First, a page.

Blogger Transferred to Remote Prison

The arbitrary transfer of political prisoner Trần Huỳnh Duy Thức to a remote prison does not comply with Vietnam’s obligations under international human rights law and standards, Civil Rights Defenders said today. Thức, who was an active blogger before his imprisonment, was transferred on 5 May to a prison about 1500 km away from where his immediate family is based. His family did not receive prior notice. Thức told his family last weekend that he will conduct a hunger strike starting on 24 May, which marks the seven-year anniversary of his detention.

In March, Thức and several political prisoners conducted a 13-day hunger strike to protest the prison authorities’ arbitrary restrictions of their right to send and receive documents from family members and the use of solitary confinement as a punishment. Prior to his transfer, prison officials allegedly threatened Thức with retaliation after Thức brought his complaints to them and mailed complaint letters to other state bodies regarding ill-treatment of political prisoners. No responses from these bodies have been received so far.

As a party to the International Covenant on Civil and Political Rights (ICCPR), Vietnam has the obligation to ensure all persons deprived of their liberty are “treated with humanity and with respect for the inherent dignity of the human person” (Article 10). In an authoritative General Comment on Article 10, the UN Human Rights Committee, which monitors state compliance with the Covenant, has affirmed that treating prisoners with humanity and respect for their dignity is “a fundamentally and universally applicable rule” which “must be applied without distinction of any kind,” including political opinion.

In 2012, the UN Working Group on Arbitrary Detention (WGAD) found that Thức’s detention was arbitrary and called on Vietnam to release him and provide him with compensation.

Civil Rights Defenders calls on Vietnam to immediately and unconditionally release Thức and other persons detained or imprisoned for exercising their human rights. Pending their release, Civil Rights Defenders urges authorities at detention centers and prisons in Vietnam to comply with Article 10 of the ICCPR and international human rights standards, in particular the United Nations Standard Minimum Rules for the Treatment of Prisoners (the Mandela Rules) which include:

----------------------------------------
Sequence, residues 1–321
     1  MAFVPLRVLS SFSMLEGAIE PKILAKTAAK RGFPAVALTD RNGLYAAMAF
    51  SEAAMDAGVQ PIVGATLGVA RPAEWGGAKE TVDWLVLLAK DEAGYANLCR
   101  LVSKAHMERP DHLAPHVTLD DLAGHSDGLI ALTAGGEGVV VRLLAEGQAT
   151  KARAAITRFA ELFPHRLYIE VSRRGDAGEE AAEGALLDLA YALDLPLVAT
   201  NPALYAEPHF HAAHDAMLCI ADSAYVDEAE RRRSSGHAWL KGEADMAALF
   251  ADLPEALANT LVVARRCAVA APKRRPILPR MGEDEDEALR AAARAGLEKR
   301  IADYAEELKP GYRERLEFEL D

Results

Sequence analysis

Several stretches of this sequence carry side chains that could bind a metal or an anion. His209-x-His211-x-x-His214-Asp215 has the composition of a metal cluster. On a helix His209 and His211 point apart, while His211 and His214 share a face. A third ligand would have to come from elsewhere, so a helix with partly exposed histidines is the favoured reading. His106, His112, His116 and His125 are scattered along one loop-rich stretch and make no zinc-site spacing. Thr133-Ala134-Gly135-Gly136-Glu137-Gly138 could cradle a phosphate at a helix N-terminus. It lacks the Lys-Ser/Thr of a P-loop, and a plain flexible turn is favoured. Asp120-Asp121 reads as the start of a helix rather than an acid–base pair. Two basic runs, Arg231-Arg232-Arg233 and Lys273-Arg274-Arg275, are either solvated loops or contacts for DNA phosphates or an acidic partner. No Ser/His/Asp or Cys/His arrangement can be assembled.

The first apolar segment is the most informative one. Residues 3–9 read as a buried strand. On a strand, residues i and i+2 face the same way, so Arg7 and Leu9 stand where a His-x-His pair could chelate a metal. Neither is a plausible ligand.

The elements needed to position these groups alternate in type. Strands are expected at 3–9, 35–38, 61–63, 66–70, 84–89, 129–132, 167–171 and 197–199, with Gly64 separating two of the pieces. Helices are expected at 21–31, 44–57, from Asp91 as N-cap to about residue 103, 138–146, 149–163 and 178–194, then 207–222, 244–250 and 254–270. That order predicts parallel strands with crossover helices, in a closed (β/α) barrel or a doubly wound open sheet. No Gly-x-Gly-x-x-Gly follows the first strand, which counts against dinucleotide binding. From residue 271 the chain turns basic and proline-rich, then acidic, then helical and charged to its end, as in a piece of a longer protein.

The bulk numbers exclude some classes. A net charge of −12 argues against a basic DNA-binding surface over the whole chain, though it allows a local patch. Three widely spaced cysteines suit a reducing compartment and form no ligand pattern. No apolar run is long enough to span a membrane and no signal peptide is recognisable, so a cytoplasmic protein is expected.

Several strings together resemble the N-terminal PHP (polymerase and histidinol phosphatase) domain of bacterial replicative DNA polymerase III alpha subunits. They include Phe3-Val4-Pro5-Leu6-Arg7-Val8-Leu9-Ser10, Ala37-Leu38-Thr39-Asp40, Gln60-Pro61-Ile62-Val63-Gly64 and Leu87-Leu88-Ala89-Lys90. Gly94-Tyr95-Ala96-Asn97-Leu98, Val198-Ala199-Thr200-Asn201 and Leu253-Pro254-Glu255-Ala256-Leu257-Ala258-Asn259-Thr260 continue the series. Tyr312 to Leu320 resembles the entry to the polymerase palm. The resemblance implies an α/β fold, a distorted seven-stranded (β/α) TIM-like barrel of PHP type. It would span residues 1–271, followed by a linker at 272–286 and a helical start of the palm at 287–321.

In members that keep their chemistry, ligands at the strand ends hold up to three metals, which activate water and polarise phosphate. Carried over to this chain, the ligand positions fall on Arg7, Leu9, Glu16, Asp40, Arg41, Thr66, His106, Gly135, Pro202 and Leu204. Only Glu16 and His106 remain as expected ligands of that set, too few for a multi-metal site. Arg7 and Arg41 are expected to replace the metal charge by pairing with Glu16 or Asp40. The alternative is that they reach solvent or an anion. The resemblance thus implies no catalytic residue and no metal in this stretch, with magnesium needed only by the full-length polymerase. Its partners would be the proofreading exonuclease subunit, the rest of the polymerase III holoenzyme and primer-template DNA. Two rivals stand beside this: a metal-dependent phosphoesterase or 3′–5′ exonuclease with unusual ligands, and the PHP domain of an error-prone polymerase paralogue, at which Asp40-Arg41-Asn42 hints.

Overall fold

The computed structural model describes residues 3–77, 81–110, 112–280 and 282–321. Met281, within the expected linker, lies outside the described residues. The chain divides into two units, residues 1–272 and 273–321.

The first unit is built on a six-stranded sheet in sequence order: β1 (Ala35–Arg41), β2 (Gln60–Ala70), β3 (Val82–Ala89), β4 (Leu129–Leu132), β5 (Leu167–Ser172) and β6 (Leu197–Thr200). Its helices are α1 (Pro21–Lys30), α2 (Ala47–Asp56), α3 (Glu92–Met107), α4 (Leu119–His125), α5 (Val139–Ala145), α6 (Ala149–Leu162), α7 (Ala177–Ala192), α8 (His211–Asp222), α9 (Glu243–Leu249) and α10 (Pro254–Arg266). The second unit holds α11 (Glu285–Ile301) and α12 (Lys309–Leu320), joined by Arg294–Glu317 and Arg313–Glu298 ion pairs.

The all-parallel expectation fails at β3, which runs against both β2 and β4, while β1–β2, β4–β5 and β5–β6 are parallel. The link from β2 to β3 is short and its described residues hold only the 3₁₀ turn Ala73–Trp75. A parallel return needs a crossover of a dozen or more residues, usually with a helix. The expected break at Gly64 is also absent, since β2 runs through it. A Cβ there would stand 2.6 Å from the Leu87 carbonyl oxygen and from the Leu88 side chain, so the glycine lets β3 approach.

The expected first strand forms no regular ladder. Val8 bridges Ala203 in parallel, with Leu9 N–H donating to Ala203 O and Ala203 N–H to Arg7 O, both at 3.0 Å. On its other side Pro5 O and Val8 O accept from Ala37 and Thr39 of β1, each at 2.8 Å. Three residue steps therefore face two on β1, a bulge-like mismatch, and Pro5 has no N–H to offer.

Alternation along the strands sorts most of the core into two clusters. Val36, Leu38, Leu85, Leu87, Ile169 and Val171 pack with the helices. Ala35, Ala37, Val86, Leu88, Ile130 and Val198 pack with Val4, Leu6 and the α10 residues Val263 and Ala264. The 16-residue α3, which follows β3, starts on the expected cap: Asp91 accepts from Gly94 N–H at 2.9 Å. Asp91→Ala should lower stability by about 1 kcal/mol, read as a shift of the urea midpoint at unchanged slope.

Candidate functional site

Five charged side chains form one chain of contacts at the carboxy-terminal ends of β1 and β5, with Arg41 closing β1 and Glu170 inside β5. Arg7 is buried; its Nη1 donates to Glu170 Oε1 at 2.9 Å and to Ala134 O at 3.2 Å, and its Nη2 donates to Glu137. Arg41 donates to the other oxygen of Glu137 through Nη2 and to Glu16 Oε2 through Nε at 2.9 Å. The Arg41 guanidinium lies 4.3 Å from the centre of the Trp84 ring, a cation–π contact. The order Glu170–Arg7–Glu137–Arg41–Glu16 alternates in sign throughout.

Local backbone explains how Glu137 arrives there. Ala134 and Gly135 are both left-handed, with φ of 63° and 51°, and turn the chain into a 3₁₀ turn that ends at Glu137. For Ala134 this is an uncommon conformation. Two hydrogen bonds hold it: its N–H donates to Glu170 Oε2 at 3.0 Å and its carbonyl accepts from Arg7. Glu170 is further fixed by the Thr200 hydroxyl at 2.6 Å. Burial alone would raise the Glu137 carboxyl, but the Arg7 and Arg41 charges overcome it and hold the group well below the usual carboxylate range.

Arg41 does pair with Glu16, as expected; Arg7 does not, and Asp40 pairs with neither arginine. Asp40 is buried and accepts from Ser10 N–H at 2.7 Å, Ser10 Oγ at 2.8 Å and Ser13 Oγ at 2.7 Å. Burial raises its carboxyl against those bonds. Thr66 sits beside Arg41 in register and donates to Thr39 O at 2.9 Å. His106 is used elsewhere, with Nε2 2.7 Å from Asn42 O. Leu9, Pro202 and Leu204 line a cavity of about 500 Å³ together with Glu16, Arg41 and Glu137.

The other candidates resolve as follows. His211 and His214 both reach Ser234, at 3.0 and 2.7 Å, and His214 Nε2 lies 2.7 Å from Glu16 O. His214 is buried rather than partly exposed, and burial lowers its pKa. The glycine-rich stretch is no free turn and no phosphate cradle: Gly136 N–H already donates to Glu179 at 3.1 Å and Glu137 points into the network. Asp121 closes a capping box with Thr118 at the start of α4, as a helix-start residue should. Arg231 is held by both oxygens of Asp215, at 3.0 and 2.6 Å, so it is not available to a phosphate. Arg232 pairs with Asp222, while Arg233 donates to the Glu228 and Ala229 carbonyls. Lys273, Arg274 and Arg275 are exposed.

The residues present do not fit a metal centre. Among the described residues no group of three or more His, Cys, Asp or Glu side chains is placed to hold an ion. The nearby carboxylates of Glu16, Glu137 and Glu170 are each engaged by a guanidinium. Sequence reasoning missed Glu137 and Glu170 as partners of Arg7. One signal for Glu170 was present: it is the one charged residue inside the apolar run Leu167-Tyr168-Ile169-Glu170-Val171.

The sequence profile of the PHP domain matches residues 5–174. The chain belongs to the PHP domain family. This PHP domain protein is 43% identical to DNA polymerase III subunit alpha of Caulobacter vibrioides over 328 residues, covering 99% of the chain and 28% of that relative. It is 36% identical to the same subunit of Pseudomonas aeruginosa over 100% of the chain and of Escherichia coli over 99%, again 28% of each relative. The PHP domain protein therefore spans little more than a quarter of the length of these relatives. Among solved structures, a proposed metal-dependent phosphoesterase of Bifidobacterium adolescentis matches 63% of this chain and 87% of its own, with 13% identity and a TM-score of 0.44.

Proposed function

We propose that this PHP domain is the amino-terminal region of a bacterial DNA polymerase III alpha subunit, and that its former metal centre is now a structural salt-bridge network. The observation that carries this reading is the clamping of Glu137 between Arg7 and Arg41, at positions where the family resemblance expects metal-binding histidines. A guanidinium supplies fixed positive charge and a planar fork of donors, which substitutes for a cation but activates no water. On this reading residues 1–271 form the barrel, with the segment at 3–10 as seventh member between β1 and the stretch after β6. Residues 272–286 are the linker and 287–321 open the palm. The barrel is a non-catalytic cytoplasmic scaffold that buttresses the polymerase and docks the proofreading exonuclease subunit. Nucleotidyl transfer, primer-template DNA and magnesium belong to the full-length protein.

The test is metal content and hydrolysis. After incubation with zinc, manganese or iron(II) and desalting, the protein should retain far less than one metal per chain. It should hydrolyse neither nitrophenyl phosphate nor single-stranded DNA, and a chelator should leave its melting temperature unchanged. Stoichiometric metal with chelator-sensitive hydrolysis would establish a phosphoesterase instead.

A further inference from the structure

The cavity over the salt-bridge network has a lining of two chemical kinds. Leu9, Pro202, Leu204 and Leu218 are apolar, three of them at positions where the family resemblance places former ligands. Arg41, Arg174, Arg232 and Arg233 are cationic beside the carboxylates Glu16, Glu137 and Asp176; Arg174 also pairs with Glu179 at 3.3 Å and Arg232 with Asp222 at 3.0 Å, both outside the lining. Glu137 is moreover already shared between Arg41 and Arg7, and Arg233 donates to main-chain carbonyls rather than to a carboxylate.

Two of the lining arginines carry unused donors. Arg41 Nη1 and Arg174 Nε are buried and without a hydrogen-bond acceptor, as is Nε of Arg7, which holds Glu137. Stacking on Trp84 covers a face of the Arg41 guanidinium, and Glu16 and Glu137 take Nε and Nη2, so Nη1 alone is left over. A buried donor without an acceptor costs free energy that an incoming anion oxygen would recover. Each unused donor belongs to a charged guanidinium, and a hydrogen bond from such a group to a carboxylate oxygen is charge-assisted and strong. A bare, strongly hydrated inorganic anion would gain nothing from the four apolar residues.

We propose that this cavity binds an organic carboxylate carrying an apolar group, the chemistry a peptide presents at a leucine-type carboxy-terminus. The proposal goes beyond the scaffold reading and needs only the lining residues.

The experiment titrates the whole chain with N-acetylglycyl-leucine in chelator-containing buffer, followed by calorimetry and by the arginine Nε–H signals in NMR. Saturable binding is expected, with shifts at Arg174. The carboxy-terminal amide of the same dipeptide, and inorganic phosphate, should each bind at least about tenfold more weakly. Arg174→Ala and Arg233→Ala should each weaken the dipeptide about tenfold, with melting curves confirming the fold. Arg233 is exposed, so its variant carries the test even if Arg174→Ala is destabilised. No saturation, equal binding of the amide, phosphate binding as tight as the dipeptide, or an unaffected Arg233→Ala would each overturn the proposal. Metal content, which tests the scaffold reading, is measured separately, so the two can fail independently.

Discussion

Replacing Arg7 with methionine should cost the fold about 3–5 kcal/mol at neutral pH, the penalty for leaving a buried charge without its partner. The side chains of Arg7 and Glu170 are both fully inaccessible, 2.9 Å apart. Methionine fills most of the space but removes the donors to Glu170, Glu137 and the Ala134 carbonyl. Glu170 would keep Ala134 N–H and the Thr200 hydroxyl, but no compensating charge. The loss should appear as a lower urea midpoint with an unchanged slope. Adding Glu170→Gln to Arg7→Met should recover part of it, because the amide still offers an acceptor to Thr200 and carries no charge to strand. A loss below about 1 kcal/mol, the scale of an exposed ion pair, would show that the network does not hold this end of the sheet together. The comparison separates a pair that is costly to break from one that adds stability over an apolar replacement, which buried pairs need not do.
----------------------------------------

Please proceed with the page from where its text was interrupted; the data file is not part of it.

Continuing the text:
• Rule 43.3: Disciplinary sanctions or restrictive measures shall not include the prohibition of family contact. The means of family contact may only be restricted for a limited time period and as strictly required for the maintenance of security and order.
  • Rule 57.2: Safeguards shall be in place to ensure that prisoners can make requests or complaints safely and, if so requested by the complainant, in a confidential manner. A prisoner […] must not be exposed to any risk of retaliation, intimidation or other negative consequences as a result of having submitted a request or complaint.
  • Rule 59: Prisoners shall be allocated, to the extent possible, to prisons close to their homes or their places of social rehabilitation.
  • Rule 68: Every prisoner shall have the right, and shall be given the ability and means, to inform immediately his or her family, or any other person designated as a contact person, about his or her imprisonment, about his or her transfer to another institution […].


On 24 May 2009, police arrested Trần Huỳnh Duy Thức under the initial charge of “promoting anti-government propaganda” under Article 88 of Vietnam’s Penal Code for peacefully exercising his right to freedom of expression. On 20 January 2010, in a one-day trial, the People’s Court of Ho Chi Minh City convicted Thức and three co-defendants for “conducting activities aimed at overthrowing the people’s administration” under Article 79 of the Penal Code. The court sentenced him to 16 years’ imprisonment followed by five years of house arrest.

Thức had been imprisoned in Xuyên Mộc Prison in the southern province of Bà Rịa-Vũng Tàu. On 7 May 2016, an external party told Thức’s family that Thức had been transferred to another prison camp in Nghe An province in north-central Vietnam. On 8 May, Thức’s family went to Xuyên Mộc Prison to inquire about the transfer. The prison authorities confirmed the transfer and said that they acted under an order dated 5 May 2016 from the Bureau of Criminal Judgments Enforcement and Justice Assistance under the Ministry of Public Security. No legitimate justifications for the transfer were given.

Thức is now in Prison No. 6 in Hanh Lam ward, Thanh Chương district, Nghe An province, about 1500 km from Ho Chi Minh City. Xuyên Mộc Prison is approximately 100 km from Ho Chi Minh City.